Students in their 12-month OPT authorization period, with a qualifying STEM degree and working for an E-Verify registered employer, may apply for an extension of their OPT. STEM OPT refers to the 24-month extension of post-completion optional practical training (OPT).
To complete the STEM extension request, sign into your Terra Dotta Portal and apply.
Off-Campus Employment: Severe Economic Hardship
On occasion, students in F-1 status experience a sudden and unexpected change in their financial situation. The United States Citizenship and Immigration Services (USCIS) may authorize off-campus employment to help alleviate the situation. In order to qualify for off-campus work, you must have been in F-1 status for at least nine months. You must also be able to document the nature of your financial problem so that the USCIS can decide if off-campus work permission is warranted. If permission is granted, you may still only work 20 hours per week during the academic year and full-time during school vacations. Your total employment from all sources cannot exceed 20 hours during the academic year. Please make an appointment with an EDI coordinator for ISS if you think that you qualify for off-campus work permission due to economic hardship.
For more information on the federal regulations for off-campus employment, please visit https://www.ice.gov/sevis/employment
Maintaining your Status
While studying in the United States, it is important to maintain your F student status. Your status relates to the purpose, or reason for why you want to come to the United States. The U.S. Department of State issues your visa based on your intended purpose. If the Department of State issues you an F student visa, this means that you are coming to the United States to study. You should not take any action that detracts from that purpose. Maintaining your status means:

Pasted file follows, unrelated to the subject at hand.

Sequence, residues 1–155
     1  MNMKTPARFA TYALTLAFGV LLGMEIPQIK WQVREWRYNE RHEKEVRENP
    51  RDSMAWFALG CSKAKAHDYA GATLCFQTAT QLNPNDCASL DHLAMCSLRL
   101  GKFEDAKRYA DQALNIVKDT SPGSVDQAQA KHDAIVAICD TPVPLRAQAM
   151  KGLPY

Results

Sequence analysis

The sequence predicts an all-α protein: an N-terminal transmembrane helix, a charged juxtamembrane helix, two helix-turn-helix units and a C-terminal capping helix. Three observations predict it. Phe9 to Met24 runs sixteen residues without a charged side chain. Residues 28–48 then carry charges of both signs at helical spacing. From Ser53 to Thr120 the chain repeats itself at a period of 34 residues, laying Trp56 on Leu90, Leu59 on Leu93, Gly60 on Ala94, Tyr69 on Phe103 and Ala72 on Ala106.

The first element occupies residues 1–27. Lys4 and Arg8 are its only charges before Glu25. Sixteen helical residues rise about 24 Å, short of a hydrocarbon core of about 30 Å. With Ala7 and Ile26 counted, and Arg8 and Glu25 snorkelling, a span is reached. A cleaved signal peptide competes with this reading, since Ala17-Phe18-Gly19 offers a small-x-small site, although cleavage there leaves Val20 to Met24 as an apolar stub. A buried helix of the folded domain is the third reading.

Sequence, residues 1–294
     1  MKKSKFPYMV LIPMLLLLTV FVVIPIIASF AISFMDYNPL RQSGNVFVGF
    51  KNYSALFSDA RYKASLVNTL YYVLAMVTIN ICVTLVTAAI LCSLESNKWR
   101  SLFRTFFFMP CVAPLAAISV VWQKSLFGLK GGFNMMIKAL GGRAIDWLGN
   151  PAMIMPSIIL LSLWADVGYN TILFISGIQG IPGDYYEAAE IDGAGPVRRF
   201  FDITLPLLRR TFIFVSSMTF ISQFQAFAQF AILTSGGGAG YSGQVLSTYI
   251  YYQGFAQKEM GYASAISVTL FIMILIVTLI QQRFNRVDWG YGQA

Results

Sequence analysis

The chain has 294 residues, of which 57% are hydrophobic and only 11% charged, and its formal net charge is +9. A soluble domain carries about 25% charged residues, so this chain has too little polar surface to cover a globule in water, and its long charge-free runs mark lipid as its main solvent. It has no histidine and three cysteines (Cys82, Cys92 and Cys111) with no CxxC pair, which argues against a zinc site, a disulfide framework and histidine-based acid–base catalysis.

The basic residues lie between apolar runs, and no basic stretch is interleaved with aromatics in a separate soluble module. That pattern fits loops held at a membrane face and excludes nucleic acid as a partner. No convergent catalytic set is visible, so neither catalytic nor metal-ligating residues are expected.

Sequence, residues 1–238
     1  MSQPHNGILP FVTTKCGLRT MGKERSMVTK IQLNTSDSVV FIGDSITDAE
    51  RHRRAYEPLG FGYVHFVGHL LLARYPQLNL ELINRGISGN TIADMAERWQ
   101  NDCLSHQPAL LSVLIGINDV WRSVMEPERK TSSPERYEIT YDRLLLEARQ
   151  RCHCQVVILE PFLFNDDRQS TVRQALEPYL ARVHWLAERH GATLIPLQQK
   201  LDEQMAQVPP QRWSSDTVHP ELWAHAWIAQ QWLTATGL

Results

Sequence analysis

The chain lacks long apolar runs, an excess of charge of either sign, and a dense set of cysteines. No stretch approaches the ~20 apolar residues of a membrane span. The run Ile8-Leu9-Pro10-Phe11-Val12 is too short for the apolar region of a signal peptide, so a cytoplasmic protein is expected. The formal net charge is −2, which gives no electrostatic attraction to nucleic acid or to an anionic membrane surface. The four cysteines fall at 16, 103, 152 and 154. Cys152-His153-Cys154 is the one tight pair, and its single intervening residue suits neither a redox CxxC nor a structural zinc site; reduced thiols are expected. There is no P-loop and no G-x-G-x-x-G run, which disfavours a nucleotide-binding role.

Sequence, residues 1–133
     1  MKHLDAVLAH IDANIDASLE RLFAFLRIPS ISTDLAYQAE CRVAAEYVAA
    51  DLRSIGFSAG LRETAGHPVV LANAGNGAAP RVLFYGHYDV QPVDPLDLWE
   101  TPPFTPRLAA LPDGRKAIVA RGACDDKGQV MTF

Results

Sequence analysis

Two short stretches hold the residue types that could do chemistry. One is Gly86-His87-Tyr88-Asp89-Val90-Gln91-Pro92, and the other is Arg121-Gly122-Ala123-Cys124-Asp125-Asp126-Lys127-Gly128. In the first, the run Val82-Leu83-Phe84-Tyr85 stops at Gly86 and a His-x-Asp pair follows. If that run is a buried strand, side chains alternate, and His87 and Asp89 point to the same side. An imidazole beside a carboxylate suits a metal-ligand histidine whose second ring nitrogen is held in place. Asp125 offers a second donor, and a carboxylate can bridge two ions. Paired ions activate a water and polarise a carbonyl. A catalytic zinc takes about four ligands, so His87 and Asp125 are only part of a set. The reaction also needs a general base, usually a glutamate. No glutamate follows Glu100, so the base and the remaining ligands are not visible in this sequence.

- Fulfilling the purpose for why the Department of State issued your visa.
- Following the regulations associated with that purpose.
To maintain legal visa status and your eligibility to continue studying at the UWS, you must abide by the following immigration regulations:
In order to obtain a program extension, you must show that you have continually maintained status and that the extension is needed for compelling academic or medical reasons, such as a change of major or research topic, unexpected research problems, or a documented illness. Delays in completing your program caused by academic probation or suspension are not acceptable reasons for program extension approval [8 CFR § 214.2 (f) (7) (iii)].
If your program end date has expired or you do not meet the eligibility requirements to apply for a program extension, it will be necessary to file for reinstatement to F-1 status with USCIS, for which you will have to pay a substantial fee. In addition, failure to apply for an extension of stay in a timely manner is a violation of F-1 regulations, which can carry heavy penalties.
Submit this request by signing into your Terra Dotta Portal to request an extension of your I-20 at least 30 days before your current I-20 expires.
Admission to a new school does not by itself authorize an international student in F-1 status to begin studying full-time at the new school.
You must request your current school to transfer/release your F-1 SEVIS record to your new school before you can begin full-time studies there. The U.S. government calls this process a “SEVIS transfer.” (It is different from an “academic transfer.”)